Diabetic Nephropathies - complications - physiopathology - urine
Diabetic Retinopathy - complications - epidemiology - pathology - physiopathology
Female
Hemoglobin A, Glycosylated - analysis
Humans
Iceland - epidemiology
Macular Edema - complications - epidemiology - pathology
Male
Prevalence
Retina - pathology
Retinal Diseases - complications - epidemiology - pathology - physiopathology
Risk factors
Severity of Illness Index
Abstract
We aimed to describe the prevalence of retinopathy in an aged cohort of Icelanders with and without diabetes mellitus.
The study population consisted of 4,994 persons aged = 67 years, who participated in the Age, Gene/Environment Susceptibility-Reykjavik Study (AGES-R). Type 2 diabetes mellitus was defined as HbA(1c) = 6.5% (>48 mmol/mol). Retinopathy was assessed by grading fundus photographs using the modified Airlie House adaptation of the Early Treatment Diabetic Retinopathy Study protocol. Associations between retinopathy and risk factors were estimated using odds ratios obtained from multivariate analyses.
The overall prevalence of retinopathy in AGES-R was 12.4%. Diabetes mellitus was present in 516 persons (10.3%), for 512 of whom gradable fundus photos were available, including 138 persons (27.0%, 95% CI 23.2, 31.0) with any retinopathy. Five persons (1.0%, 95% CI 0.3, 2.3) had proliferative retinopathy. Clinically significant macular oedema was present in five persons (1.0%, 95% CI 0.3, 2.3). Independent risk factors for retinopathy in diabetic patients in a multivariate model included HbA(1c), insulin use and use of oral hypoglycaemic agents, the last two being indicators of longer disease duration. In 4478 participants without diabetes mellitus, gradable fundus photos were available for 4,453 participants, with retinopathy present in 476 (10.7%, 95% CI 9.8, 11.6) and clinically significant macular oedema in three persons. Independent risk factors included increasing age and microalbuminuria.
Over three-quarters (78%) of retinopathy cases were found in persons without diabetes and a strong association between microalbuminuria and non-diabetic retinopathy was found. These results may have implications for patient management of the aged.
Notes
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PubMed ID
22134840 View in PubMed
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[Smoking, obesity and education of Icelandic women by rural-urban residence]

https://arctichealth.org/en/permalink/ahliterature97562
Source
Laeknabladid. 2010 Apr;96(4):259-64
Publication Type
Article
Date
Apr-2010
Author
Laufey Steingrímsdóttir
Elínborg J Olafsdóttir
Lilja Sigrún Jónsdóttir
Rafn Sigurdsson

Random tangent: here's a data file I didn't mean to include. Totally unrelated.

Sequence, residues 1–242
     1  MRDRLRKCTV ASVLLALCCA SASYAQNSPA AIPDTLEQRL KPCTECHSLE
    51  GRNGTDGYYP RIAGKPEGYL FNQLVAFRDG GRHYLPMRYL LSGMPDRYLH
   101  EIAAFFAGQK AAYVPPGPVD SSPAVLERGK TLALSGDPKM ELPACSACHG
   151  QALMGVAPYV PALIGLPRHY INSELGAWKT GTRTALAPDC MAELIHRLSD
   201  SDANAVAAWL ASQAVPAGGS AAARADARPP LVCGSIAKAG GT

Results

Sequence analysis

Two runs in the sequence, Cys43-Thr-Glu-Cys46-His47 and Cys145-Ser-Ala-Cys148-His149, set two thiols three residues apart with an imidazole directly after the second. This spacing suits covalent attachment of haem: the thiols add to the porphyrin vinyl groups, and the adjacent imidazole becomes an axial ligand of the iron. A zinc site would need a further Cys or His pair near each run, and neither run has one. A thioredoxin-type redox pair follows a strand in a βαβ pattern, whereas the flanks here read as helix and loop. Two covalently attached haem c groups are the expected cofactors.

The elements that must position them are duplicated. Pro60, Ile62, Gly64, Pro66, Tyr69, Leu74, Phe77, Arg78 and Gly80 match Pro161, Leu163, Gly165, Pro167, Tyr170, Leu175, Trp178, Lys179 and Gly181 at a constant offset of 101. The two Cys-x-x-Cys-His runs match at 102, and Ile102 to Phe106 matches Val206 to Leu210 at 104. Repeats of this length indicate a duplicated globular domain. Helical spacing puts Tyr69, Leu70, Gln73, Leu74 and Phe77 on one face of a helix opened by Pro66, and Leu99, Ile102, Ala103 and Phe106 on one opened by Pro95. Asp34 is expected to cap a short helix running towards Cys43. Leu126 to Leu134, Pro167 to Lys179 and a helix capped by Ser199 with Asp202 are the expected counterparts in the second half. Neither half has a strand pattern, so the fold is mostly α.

Laufey Tryggvadóttir
Author Affiliation
laufey@hi.is
Source
Laeknabladid. 2010 Apr;96(4):259-64
Date
Apr-2010
Language
Icelandic
Geographic Location
Iceland
Publication Type
Article
Keywords
Adolescent
Adult
Chi-Square Distribution
Cross-Sectional Studies
Educational Status
Female
Health Surveys
Humans
Iceland - epidemiology
Logistic Models
Middle Aged
Obesity - epidemiology - etiology
Odds Ratio
Prevalence
Questionnaires
Residence Characteristics
Risk assessment
Risk factors
Rural Population
Smoking - adverse effects - epidemiology
Urban Population
Women's health
Young Adult
Abstract
OBJECTIVE: To assess the prevalence of obesity and the association with smoking and education among young Icelandic women residing within and outside the capital area. MATERIALS AND METHODS: A self-administered questionnaire was sent to 28.000 Icelandic women, 18-45 years-old, in the period November 2004 to June 2005. The sample was randomly selected from The National Registry, response rate being 54.6%. The study was part of a large Nordic population-based cross-sectional study. Logistic regression was used for assessing the odds ratio of obesity (BMI > or = 30) in a multivariate analysis according to smoking and education, taking also into account age and alcohol consumption. The chi-square test was used for comparing percentages. RESULTS: Thirteen percent of women residing in the capital area were obese compared with 21% outside the capital. In the multivariate analysis obesity was increased among women living outside the capital (OR = 1.66; 95% CI 1,50-1,83), among smokers (OR=1,13; 95% CI 1.01-1.28), and among women who did not have university education (OR=1.53; 95%CI 1.36-1.71). Daily smokers within the capital area were more likely to be obese (OR=1.27; 95%CI 1.07-1.49) but not smokers outside the capital (OR=1.0). . CONCLUSIONS: Residence outside the capital area, daily smoking and non-university education are associated with an increased risk of obesity among young Icelandic women. The relationship between these factors is complex and differs between women residing within and outside the capital area.
PubMed ID
20339165 View in PubMed